Mortgage brokers say a new sub-4 per cent mortgage rate launched by a major bank could be the start of another mortgage war.
From today Westpac is offering a one-year fixed term rate of 3.99 per cent - down 16 basis points on its standard rate of 4.15 per cent.
The offer is only available until February 1 and is only open to those with more than 20 per cent equity and a have their salary going into a transactional account at the bank.
Karen Tatterson, a mortgage broker with loan market, expected other banks to follow.
"I think they probably will. I think they will probably be inclined to match it."
She said she was also able to get 3.99 per cent from Kiwibank over one year, an offer that had been available since before Christmas.
John Bolton, managing director of Squirrel Mortgages, said he had been surprised to see the Westpac rate but also expected other banks to match it.
"I wouldn't be surprised to see another one come up out with a 3.99 per cent in the next day or two," he said.
Bolton said wholesale rates had fallen recently which had taken the pressure off bank margins after rises last year.
"Wholesale rates have come back a bit."
In November last year, ANZ - the country's largest bank - offered a one-year fixed term rate of 3.95 per cent - the lowest offered by a major bank since just after World War II.
Other banks followed with ASB and Westpac matching it and BNZ offering 3.99 per cent over two years fixed.
But by December 4 three of the four majors had put advertised rates back up over 4 per cent.
Still, the short-term offer appears to have been worth it.
Figures from ANZ show around 15,000 customers took advantage of the special.
"This helped grow our market share in November, contributing to more than $500 million in new home lending," said a spokeswoman for the bank.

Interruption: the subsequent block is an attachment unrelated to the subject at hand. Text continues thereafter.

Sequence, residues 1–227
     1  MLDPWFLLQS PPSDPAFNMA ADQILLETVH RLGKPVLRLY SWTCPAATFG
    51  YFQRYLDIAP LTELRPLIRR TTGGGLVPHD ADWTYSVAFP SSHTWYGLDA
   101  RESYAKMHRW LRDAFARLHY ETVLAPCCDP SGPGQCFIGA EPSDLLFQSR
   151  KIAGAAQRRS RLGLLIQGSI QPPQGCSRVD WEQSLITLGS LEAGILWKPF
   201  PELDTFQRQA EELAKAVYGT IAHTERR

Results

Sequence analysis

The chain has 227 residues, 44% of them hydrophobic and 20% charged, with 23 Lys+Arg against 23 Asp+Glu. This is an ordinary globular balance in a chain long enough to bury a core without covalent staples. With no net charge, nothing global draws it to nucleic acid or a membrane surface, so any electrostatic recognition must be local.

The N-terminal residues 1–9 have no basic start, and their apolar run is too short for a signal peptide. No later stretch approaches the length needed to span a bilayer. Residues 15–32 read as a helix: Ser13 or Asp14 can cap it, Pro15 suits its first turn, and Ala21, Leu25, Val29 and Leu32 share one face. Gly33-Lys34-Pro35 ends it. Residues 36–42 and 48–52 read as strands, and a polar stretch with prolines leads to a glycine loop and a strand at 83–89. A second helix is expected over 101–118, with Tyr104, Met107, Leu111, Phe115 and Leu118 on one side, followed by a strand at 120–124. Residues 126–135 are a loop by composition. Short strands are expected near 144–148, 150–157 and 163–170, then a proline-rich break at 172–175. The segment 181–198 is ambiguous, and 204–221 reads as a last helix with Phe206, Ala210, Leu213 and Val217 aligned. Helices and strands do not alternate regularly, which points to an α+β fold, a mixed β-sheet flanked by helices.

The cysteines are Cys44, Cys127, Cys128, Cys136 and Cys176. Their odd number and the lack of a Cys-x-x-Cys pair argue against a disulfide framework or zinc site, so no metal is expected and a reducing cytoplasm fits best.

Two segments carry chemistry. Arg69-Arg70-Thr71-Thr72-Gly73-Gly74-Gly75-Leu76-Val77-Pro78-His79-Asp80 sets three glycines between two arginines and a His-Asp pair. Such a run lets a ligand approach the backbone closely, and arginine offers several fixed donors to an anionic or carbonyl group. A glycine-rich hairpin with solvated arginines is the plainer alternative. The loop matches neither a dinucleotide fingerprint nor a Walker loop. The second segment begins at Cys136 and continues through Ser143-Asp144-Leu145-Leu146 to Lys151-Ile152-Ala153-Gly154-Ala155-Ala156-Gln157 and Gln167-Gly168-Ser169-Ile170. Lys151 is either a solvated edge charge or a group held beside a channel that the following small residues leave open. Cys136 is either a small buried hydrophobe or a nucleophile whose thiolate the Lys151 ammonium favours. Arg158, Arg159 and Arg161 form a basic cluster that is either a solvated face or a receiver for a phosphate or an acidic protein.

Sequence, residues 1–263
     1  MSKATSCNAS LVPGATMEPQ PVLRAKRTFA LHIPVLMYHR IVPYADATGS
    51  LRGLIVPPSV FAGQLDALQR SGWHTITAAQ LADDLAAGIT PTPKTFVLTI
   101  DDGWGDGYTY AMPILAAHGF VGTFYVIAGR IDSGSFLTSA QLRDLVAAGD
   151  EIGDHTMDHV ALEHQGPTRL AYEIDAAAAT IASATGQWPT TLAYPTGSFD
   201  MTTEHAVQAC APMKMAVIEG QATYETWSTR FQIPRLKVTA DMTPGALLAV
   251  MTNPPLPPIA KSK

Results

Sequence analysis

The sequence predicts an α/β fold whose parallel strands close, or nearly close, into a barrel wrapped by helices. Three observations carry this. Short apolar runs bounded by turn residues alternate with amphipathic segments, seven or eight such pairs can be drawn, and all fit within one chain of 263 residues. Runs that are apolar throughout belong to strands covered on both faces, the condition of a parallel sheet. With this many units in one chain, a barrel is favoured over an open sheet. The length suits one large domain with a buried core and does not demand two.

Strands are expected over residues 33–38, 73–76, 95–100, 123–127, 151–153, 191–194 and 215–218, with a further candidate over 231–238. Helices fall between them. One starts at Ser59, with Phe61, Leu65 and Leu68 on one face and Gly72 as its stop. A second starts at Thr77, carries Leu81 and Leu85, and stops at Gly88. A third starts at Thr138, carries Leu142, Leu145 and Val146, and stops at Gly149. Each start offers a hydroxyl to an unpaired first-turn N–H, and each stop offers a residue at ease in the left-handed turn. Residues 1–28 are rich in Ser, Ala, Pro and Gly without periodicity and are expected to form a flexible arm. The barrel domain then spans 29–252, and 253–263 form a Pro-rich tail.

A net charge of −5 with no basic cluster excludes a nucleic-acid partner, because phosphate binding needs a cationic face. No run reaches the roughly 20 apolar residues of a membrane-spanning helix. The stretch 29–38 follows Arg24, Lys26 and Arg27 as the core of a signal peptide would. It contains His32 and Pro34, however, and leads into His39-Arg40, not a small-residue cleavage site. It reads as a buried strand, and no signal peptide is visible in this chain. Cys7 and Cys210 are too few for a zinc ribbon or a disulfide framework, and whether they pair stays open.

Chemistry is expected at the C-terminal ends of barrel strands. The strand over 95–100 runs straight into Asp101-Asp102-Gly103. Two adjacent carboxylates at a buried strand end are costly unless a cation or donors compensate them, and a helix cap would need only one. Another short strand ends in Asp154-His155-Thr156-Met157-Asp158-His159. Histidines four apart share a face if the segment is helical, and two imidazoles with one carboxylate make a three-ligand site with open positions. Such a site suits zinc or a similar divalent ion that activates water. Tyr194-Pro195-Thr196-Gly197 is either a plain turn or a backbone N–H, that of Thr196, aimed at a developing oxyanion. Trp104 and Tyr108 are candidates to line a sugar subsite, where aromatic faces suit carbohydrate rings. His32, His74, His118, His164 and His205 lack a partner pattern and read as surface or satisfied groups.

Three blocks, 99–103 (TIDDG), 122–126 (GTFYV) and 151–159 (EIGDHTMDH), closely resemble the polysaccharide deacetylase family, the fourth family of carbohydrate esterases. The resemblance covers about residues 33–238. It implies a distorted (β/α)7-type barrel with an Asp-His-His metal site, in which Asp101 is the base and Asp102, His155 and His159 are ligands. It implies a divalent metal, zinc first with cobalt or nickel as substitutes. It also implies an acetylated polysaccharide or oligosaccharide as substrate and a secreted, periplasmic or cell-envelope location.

She said the offer had made November its biggest month for home lending since August 2016 with total home loan growth 4.5 times higher than around the same period in 2017.
"Calls to our contact centre also spiked 80 per cent in the following days too."
Tatterson said anyone due to re-fix their mortgage in the next 60 days should try and lock in an offer and those who was due to end their fix term in the next six to nine months should also weigh up the cost of breaking their mortgage to re-fix it at a lower rate.
Bolton said even if the other banks didn't match the Westpac rate in their advertised rates it was always worth negotiating to see if they would match it.
"You will find that by and large they match each other."
Bolton said it was hard to predict where rates would be in six months.
"We just don't know. But these are historically low rates. So you have got to operate on the fact they won't last."
Asked if they would be matching Westpac's rate ASB, Kiwibank and ANZ all responded to say that they regularly reviewed interest rates.
An ASB spokeswoman said it took a number of factors into consideration when setting rates, including funding costs and market movements.
"As these and other wider market factors regularly change, we are constantly reviewing their impact on our interest rates and we will continue to make adjustments as required. Our rates are assessed on a daily basis."
A spokesman for BNZ said it didn't have anything to announce at the moment.
"But if you are the market at the moment it's a great time to have a conversation with us.
"It's very competitive out there with lots of deals happening."